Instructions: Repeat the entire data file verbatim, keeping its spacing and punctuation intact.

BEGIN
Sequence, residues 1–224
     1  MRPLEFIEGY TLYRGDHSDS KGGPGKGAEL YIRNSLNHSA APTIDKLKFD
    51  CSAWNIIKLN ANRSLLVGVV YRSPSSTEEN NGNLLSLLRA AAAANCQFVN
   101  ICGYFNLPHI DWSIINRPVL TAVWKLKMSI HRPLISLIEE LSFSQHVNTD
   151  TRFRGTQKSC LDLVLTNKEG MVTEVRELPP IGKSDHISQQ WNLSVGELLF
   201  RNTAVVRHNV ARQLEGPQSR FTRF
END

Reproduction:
Sequence, residues 1–224
     1  MRPLEFIEGY TLYRGDHSDS KGGPGKGAEL YIRNSLNHSA APTIDKLKFD
    51  CSAWNIIKLN ANRSLLVGVV YRSPSSTEEN NGNLLSLLRA AAAANCQFVN
   101  ICGYFNLPHI DWSIINRPVL TAVWKLKMSI HRPLISLIEE LSFSQHVNTD
   151  TRFRGTQKSC LDLVLTNKEG MVTEVRELPP IGKSDHISQQ WNLSVGELLF
   201  RNTAVVRHNV ARQLEGPQSR FTRF